more sessional doctors than we are losing. That is the first point.
The second point is the 100 employed doctors, every day it increases.
We have another nine new doctors starting on Monday, I am meeting
them all this evening. It is the most successful campaign we have
ever done and we will carry on until we have 100 new doctors.
Whether we have 100 new doctors actually working by the end of
June, employed doctors, I think is debatable but we will get 100
employed doctors as soon as we can.
131. What sort of proportion are you looking
for between sessional doctors and employed doctors? Are you looking
to change that proportion?
(Mr Chipperfield) We have a resourcing model which
we have developed in the last few months. The resourcing model
is shown to the Department. That resourcing model shows with the
resources that we have and those that we know we will have we
are able to deliver the work that is required of us. I think that
is an important point, that we can do the workload that is now
required of us. There is no ideal balance. It is not an exact
science but what we are trying to achieve is to increase the employed
doctor pool to in excess of 250. That enables us to invest more
time in not just doing the examinations but doing the mentoring
and the coaching and the auditing of the sessional doctor pool.
The sessional doctor pool is, broadly speaking, around about the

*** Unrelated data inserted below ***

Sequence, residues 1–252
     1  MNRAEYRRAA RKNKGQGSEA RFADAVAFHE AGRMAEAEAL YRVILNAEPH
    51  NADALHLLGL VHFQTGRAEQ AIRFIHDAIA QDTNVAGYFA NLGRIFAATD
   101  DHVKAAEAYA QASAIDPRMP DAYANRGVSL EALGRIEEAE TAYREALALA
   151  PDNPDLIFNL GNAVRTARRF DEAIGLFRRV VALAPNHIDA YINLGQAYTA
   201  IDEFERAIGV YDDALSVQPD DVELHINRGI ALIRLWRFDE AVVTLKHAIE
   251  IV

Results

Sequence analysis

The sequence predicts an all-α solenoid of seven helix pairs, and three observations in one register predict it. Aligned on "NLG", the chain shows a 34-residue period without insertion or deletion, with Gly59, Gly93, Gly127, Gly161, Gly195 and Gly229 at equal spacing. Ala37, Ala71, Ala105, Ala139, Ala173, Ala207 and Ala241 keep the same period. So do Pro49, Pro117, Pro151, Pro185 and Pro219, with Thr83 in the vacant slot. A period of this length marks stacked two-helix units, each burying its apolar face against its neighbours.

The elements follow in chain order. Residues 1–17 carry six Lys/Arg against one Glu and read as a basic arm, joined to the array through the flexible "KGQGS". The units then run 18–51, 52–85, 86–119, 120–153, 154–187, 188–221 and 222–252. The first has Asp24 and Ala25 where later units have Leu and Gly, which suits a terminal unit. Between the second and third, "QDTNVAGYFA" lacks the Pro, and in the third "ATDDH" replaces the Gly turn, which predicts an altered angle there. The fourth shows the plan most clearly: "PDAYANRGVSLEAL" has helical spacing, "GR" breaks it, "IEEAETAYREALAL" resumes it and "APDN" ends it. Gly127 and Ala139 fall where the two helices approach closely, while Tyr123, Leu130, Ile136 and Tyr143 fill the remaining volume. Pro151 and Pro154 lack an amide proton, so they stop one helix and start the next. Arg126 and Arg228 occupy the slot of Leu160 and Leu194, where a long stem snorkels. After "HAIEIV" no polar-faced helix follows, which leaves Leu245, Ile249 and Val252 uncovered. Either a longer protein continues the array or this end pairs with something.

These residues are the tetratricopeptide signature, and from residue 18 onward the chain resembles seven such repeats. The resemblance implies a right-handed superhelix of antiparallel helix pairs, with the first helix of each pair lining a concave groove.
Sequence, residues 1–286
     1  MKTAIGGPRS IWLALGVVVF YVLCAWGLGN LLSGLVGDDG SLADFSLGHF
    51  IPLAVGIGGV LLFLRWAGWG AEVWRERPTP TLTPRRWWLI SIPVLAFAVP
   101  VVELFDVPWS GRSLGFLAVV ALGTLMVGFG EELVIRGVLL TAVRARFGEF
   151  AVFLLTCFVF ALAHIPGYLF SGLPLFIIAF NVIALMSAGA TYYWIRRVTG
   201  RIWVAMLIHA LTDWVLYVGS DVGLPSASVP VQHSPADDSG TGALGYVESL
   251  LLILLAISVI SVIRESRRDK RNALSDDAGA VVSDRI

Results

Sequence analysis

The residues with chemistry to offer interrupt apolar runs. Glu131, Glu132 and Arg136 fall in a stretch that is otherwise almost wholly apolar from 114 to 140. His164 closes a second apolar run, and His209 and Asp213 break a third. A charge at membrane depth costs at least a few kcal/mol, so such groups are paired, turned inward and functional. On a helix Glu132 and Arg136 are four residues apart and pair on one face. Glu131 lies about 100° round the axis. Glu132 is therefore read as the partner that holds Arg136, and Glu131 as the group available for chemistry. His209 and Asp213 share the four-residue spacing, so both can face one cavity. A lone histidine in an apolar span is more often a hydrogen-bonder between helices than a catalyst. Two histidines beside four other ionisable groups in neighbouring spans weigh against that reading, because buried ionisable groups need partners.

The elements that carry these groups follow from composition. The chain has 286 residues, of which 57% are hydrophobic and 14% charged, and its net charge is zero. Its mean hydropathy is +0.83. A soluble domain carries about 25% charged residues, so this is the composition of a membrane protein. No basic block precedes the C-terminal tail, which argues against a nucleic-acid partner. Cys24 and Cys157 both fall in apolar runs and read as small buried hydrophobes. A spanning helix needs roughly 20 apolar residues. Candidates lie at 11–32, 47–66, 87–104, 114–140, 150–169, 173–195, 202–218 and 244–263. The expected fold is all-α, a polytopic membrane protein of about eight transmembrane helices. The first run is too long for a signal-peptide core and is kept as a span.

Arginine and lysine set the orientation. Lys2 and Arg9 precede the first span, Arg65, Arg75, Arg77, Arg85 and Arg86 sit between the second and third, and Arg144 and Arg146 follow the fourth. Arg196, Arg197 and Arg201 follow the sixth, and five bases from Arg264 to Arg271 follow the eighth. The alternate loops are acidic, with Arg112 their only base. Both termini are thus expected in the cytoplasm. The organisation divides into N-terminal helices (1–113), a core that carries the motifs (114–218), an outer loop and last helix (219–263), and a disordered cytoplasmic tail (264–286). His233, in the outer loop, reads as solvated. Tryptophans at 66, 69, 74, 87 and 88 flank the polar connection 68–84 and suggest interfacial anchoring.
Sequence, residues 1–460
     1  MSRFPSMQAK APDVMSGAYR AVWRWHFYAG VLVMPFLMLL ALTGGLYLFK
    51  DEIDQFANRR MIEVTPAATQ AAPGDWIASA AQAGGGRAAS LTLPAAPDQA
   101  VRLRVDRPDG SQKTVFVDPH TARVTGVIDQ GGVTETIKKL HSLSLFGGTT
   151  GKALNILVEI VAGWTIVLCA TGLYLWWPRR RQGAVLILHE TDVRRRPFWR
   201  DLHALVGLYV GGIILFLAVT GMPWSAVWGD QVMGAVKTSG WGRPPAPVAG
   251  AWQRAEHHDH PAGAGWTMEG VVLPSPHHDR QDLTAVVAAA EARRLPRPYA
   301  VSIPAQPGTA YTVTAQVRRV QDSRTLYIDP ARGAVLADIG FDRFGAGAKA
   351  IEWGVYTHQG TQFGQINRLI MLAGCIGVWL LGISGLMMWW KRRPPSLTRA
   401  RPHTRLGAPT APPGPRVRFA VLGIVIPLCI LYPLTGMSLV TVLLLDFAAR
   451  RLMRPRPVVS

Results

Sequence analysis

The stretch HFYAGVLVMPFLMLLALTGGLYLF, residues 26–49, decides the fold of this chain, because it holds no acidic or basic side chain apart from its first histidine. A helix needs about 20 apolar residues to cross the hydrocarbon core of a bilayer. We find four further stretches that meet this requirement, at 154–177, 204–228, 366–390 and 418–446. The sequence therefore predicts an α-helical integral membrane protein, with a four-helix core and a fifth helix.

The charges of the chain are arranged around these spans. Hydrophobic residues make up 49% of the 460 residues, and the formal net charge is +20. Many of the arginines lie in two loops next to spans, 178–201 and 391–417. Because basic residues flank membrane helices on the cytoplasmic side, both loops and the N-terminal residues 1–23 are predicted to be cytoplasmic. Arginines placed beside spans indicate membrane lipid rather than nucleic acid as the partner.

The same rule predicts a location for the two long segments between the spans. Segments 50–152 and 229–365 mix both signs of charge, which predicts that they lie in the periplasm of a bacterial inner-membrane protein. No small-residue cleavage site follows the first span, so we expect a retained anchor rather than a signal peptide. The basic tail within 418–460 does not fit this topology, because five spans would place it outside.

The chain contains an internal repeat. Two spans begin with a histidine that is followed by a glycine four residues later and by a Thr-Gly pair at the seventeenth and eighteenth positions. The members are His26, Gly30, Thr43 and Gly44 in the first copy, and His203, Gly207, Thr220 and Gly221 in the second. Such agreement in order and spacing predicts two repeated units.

right size at the moment. We are always looking for new people
and in some parts of the country we have a higher requirement
than in other parts of the country. It is still the case that,
for instance, it is a lot easier for us to get doctors, whether
it be employed or sessional, in the South East generally than
it is, say, for example, in North Wales or the North East of England.
I do not know if that addresses exactly your point?
132. What special measures are you taking especially
in those areas where you have difficulties in recruiting?
(Mr Chipperfield) We are using golden hello payments.
We give bonuses to our own staff if they recommend people who
are ultimately recruited. We are doing advertising. We are doing
special events. We are trying to build up contacts in some cases
with primary care trusts. We have a number of initiatives going
with a couple of primary care trusts to look at how perhaps we
might find a way of giving mutual benefit, for example we have
access to a greater number of doctors through the primary care
trust and we support them perhaps in IT or some areas like that.
There are a whole range of initiatives.
133. A question to the Department. Because of
the doctor shortages there was a huge backlog of cases that needed
medical examination. I understand in late 2000 you decided to
limit the flow of cases to Sema by holding cases in some district
offices due to their overstretched capacity. Obviously SchlumbergerSema
expected to resolve the capacity issue and allow restoration of